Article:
6.8/10
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232 user 115 critic

Saturday Night Fever (1977)

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Anxious about his future after high school, a 19 year old Italian American from Brooklyn tries to escape the harsh reality of his bleak family life by dominating the dance floor at the local disco.

Director:

John Badham

Writers:

Nik Cohn (story "Tribal Rites of the New Saturday Night"), Norman Wexler (screenplay)
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Popularity
1,825 ( 491)
Nominated for 1 Oscar. Another 4 wins & 11 nominations. See more awards »

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Cast

Cast overview, first billed only:
John Travolta ... Tony Manero
Karen Lynn Gorney ... Stephanie
Barry Miller ... Bobby C.
Joseph Cali ... Joey
Paul Pape ... Double J.
Donna Pescow ... Annette
Bruce Ornstein Bruce Ornstein ... Gus
Julie Bovasso ... Flo
Martin Shakar ... Frank Jr.
Sam Coppola ... Dan Fusco (as Sam J. Coppola)
Nina Hansen ... Grandmother
Lisa Peluso Lisa Peluso ... Linda
Denny Dillon ... Doreen
Bert Michaels Bert Michaels ... Pete
Robert Costanzo ... Paint Store Customer (as Robert Costanza)
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Storyline

Nineteen-year-old Brooklyn native Tony Manero lives for Saturday nights at the local disco, where he's king of the club, thanks to his stylish moves on the dance floor. But outside of the club, things don't look so rosy. At home, Tony fights constantly with his father and has to compete with his family's starry-eyed view of his older brother, a priest. Nor can he find satisfaction at his dead-end job at a small paint store. However, things begin to change when he spies Stephanie Mangano in the disco and starts training with her for the club's dance competition. Stephanie dreams of the world beyond Brooklyn, and her plans to move to Manhattan just over the bridge soon change Tony's life forever. Written by alfiehitchie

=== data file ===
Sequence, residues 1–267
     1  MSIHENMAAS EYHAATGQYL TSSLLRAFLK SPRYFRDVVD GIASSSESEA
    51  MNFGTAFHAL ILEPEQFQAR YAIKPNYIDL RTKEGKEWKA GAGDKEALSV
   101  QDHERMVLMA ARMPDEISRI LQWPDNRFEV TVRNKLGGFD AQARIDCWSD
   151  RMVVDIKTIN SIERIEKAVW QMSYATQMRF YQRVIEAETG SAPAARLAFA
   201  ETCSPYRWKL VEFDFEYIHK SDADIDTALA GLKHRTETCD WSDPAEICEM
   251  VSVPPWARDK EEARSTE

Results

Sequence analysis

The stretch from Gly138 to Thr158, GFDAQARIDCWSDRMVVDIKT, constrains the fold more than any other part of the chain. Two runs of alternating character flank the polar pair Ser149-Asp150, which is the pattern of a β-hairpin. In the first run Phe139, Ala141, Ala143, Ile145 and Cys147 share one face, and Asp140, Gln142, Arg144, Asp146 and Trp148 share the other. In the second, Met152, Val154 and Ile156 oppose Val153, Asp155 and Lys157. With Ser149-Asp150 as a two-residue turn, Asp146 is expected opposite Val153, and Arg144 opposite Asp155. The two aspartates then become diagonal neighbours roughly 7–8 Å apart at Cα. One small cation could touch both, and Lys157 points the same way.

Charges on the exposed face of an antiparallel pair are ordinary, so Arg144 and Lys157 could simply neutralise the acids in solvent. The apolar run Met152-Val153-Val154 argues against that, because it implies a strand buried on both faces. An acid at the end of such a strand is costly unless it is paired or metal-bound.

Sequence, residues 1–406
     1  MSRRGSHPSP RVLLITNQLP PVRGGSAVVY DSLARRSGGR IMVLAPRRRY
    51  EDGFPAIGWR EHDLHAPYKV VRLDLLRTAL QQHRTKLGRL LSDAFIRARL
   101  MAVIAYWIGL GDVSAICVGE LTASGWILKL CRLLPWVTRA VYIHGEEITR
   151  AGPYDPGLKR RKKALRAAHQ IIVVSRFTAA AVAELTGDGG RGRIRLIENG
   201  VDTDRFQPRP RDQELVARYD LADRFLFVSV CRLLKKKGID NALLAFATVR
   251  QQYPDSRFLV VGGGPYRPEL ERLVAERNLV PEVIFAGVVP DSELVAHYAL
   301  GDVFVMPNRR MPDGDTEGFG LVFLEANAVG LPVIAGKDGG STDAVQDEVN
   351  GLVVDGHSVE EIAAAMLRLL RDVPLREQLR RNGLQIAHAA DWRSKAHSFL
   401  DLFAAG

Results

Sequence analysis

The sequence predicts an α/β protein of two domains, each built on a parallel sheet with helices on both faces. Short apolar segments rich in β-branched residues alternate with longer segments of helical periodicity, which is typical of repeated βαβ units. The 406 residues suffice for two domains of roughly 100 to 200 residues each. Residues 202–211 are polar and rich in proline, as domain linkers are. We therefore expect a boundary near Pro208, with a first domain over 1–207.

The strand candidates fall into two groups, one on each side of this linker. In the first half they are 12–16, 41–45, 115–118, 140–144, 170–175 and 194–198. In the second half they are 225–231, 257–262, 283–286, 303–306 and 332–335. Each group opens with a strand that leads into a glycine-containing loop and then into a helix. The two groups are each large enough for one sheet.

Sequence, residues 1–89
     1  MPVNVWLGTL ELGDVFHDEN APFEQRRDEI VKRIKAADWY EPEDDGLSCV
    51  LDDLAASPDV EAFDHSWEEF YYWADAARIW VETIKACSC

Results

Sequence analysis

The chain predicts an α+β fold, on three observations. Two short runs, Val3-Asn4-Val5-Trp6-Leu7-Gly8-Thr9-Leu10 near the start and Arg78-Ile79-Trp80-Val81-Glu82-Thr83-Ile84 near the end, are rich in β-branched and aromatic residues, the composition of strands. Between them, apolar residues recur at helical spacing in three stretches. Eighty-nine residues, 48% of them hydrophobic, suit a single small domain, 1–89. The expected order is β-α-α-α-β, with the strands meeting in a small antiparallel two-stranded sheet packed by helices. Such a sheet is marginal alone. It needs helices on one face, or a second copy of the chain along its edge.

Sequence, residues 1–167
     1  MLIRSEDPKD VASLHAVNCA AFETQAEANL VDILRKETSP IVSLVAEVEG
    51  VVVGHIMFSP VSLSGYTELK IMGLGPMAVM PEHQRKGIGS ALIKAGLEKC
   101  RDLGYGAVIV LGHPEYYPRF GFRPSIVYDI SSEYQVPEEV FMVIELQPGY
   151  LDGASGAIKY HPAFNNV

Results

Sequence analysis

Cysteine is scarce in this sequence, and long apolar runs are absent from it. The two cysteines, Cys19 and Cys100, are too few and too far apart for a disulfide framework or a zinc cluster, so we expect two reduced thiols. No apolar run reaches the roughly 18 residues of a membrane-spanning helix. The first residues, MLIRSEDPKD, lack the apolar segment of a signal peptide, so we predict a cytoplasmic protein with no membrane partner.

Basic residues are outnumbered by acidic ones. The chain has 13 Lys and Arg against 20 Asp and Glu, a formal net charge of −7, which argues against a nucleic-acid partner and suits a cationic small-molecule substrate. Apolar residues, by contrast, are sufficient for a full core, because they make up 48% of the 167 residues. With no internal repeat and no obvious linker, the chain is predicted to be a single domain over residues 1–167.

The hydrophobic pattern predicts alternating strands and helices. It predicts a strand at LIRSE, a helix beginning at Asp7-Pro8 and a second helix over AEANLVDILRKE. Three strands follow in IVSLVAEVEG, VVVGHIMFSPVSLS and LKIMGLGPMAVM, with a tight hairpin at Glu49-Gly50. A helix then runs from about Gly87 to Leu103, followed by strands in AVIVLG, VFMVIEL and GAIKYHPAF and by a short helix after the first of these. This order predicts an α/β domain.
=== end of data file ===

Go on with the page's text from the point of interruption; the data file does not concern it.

Plot Summary | Plot Synopsis

Taglines:

Where do you go when the record is over... See more »

Genres:

Drama | Music

Motion Picture Rating (MPAA)

Rated R for strong language, sexuality/nudity and some drug content | See all certifications »

Parents Guide:

View content advisory »
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Details

Country:

USA

Language:

English | Italian

Release Date:

16 December 1977 (USA) See more »

Also Known As:

Saturday Night See more »

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Box Office

Budget:

$3,000,000 (estimated)

Opening Weekend USA:

$3,878,099, 18 December 1977, Limited Release

Gross USA:

$94,213,184

Cumulative Worldwide Gross:

$237,113,184
See more on IMDbPro »

Company Credits

Show more on IMDbPro »

Technical Specs

Runtime:

| (PG)

Sound Mix:

Dolby

Color:

Color

Aspect Ratio:

1.85 : 1
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Did You Know?

Trivia

Donna Pescow was almost considered "too pretty" for the role of Annette. She corrected this by putting on 40 pounds (18 kilograms) and training herself back to her native Brooklyn accent, which she trained herself away from while she was studying drama at the American Academy of Dramatic Arts. After production ended, she immediately lost the weight she gained for the role and dropped the accent. See more »

Goofs

(at around 1 min) In the first scene that Tony gets picked up by the boys in front of the candy store to head to the disco, it is clearly seen that the driver of the '64 Impala is in fact a stuntman instead of Bobby C, whose voice is dubbed in and then appears as the driver in the interior car shots. See more »

Quotes

[first lines]
Pizza Girl: Hi ya, Tony. Two or three?
Tony Manero: Two. Two. Give me two. That's good.
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Crazy Credits

When the title appears on screen, it is done in the style of a neon sign. The word "Fever" is blinking. See more »

Connections

Referenced in The Cinema Snob: Sex and the City (2017) See more »

Soundtracks

How Deep Is Your Love